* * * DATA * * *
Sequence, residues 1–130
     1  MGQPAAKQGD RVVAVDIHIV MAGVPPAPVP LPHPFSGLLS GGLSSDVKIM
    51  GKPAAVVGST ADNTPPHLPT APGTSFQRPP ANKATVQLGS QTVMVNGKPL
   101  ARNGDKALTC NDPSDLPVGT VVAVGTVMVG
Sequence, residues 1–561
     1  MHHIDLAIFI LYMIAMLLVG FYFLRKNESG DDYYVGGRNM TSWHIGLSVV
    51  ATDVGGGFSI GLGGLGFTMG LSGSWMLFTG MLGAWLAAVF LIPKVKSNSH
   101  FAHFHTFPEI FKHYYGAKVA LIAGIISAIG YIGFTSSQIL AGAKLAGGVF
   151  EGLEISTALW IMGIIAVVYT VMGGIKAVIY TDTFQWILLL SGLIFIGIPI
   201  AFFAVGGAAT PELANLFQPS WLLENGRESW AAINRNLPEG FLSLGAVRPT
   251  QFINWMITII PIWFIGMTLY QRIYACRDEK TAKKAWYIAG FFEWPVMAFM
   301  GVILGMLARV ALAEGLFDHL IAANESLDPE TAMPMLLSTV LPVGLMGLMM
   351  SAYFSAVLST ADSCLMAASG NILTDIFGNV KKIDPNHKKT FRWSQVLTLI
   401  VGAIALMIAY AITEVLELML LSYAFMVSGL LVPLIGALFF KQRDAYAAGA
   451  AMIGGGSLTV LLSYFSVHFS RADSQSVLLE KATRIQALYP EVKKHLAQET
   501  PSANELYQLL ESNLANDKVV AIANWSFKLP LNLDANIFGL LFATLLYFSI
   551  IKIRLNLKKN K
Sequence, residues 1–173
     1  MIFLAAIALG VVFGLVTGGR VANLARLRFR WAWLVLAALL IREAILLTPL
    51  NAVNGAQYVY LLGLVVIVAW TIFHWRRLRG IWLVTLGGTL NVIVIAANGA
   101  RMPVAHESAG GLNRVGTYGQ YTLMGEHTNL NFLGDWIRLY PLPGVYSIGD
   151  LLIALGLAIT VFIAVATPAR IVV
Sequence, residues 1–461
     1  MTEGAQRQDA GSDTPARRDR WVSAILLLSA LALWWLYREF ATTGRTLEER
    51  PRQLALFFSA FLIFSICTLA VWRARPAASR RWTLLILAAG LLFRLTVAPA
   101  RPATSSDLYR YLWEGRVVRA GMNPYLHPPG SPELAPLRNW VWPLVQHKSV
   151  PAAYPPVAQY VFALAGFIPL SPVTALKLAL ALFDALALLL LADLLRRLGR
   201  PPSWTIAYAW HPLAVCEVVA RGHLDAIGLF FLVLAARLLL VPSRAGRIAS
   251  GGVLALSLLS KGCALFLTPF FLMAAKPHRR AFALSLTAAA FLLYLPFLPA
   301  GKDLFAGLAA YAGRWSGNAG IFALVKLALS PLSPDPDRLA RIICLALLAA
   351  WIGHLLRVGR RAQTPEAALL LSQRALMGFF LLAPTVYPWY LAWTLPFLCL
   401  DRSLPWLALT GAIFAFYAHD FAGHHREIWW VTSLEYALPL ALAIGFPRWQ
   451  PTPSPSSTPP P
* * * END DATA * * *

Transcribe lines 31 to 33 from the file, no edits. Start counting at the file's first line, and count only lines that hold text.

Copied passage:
   351  WIGHLLRVGR RAQTPEAALL LSQRALMGFF LLAPTVYPWY LAWTLPFLCL
   401  DRSLPWLALT GAIFAFYAHD FAGHHREIWW VTSLEYALPL ALAIGFPRWQ
   451  PTPSPSSTPP P